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The National Surveys on Energy and Environment (NSEE) is an on-going biannual national opinion survey on energy and climate policy. Launched in 2008, over time the NSEE has covered topics such as public policy approaches to address climate change including federal, state, and international action; energy policies such as cap-and-trade, carbon taxes, renewable energy requirements, vehicle emissions standards, and many more; and knowledge and attitudes about global warming, climate adaptation, fracking, and geoengineering. From 2008-2012 the survey was called the “National Survey of American Public Opinion on Climate Change” (NSAPOCC); starting in 2013 the survey was renamed to the “National Surveys on Energy and Environment” (NSEE). NSEE was co-founded by professor Barry Rabe at the University of Michigan and professor Christopher Borick at Muhlenberg College, and is fielded by the Muhlenberg College Institute of Public Opinion. For more information about the NSEE, contact closup-nsee@umich.edu. The NSEE is committed to transparency in all facets of our work, including timely release and posting of data from each survey wave. A grant from the Office of the Provost at the University of Michigan has allowed us to provide online access to earlier waves of the NSEE, including frequency tables, survey instruments, and datasets. Users can see a list of topics covered by the NSEE, and search for questions by text, variable name, or variable category on CLOSUP's website. Although the datasets are listed by survey wave, the NSEE is a valuable source of longitudinal public-opinion data on climate change and energy policy. Many questions have been asked over multiple waves, including questions about belief in global warming that have been asked in every wave of the NSEE. Consult the NSEE Crosswalk to see which questions have been asked in prior and subsequent waves of the NSEE. To facilitate longitudinal analysis, the NSEE datasets use a longitudinal variable naming scheme to facilitate longitudinal analysis. Variable names include two parts: a subject category for the question, and a description of the contents of the question. When a question has been asked with the same text and response options over multiple waves, the same variable name will be used in each dataset. For more information on the longitudinal naming scheme users should consult the codebooks for the datasets. ,Weight variables are provided for each dataset. Data are weighted by gender, age, race, income, and education, to reflect population characteristics of the United States as reported by the United States Census Bureau.,Presence of Common Scales: Several likert-type scales were used.,computer-assisted telephone interview (CATI)~~,Adult (age 18 or older) residents of the United StatesSmallest Geographic Unit: State,The NSEE is conducted as a telephone survey adult (age 18 or older) residents of the United States. In 2008, only landlines were included in the sampling frame, starting in 2009 both landline and cell phones have been included in the sampling frames. See individual waves for more detailed sampling information.,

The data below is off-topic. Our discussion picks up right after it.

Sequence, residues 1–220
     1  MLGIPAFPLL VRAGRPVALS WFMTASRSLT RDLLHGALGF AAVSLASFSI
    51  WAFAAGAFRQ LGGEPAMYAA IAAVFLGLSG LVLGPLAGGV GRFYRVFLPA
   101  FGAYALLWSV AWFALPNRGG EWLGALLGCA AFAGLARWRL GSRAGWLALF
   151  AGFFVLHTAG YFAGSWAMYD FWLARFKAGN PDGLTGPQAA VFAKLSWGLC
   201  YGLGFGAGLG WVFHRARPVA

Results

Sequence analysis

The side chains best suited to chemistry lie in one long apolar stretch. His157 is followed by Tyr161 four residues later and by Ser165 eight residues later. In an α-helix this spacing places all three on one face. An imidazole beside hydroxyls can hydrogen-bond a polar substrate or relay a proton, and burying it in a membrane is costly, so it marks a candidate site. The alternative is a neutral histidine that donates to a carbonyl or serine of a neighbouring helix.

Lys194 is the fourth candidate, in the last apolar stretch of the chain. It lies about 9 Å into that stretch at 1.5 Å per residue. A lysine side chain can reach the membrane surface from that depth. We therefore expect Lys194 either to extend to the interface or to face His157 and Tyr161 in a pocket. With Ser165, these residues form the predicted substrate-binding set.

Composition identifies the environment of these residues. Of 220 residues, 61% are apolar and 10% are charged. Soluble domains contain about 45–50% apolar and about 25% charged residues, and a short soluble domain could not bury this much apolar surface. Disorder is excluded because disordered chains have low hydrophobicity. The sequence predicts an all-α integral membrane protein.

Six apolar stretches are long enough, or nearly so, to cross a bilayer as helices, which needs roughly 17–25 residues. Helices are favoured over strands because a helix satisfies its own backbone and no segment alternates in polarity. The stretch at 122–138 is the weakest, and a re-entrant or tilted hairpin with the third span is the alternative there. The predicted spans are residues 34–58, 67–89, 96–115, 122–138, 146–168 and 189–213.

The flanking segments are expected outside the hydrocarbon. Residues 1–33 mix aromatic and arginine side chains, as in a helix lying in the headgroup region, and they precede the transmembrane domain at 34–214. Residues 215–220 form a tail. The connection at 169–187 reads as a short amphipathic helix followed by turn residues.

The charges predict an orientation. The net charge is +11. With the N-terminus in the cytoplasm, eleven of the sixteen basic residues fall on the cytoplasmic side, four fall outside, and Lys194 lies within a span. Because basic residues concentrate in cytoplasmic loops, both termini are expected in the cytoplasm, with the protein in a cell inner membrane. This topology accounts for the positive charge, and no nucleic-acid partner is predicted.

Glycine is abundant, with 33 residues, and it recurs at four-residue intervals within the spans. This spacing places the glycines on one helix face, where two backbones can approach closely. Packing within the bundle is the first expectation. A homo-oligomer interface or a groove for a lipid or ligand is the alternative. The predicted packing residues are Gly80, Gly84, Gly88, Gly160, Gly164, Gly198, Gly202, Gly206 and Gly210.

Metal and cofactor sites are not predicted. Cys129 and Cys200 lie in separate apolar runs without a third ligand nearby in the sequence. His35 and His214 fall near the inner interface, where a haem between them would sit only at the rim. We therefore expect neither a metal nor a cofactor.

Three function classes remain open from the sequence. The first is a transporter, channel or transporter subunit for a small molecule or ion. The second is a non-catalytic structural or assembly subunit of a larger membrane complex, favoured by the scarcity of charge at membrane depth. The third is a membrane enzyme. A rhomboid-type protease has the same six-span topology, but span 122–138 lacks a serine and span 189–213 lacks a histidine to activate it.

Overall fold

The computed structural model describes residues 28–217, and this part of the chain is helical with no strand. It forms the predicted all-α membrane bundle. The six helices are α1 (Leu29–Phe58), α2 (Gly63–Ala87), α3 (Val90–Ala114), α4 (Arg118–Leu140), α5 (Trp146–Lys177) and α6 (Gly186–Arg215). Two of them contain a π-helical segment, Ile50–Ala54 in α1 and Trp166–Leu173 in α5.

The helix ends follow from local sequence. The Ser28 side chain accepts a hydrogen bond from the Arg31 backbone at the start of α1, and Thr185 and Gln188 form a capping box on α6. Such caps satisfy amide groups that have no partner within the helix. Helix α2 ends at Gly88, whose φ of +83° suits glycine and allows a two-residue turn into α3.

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The data contain records of defendants in criminal cases filed in United States District Court during fiscal year 2015. The data were constructed from the Administrative Office of the United States District Courts' (AOUSC) criminal file. Defendants in criminal cases may be either individuals or corporations. There is one record for each defendant in each case filed. Included in the records are data from court proceedings and offense codes for up to five offenses charged at the time the case was filed. (The most serious charge at termination may differ from the most serious charge at case filing, due to plea bargaining or action of the judge or jury.) In a case with multiple charges against the defendant, a "most serious" offense charge is determined by a hierarchy of offenses based on statutory maximum penalties associated with the charges. The data file contains variables from the original AOUSC files as well as additional analysis variables. Variables containing identifying information (e.g., name, Social Security number) were either removed, coarsened, or blanked in order to protect the identities of individuals. These data are part of a series designed by Abt Associates and the Bureau of Justice Statistics. Data and documentation were prepared by Abt Associates.,Datasets: DS1: 2015 Cases Filed Data,Federal Justice Statistics Program Data Series,Criminal cases filed in United States District Court during fiscal year 2015.,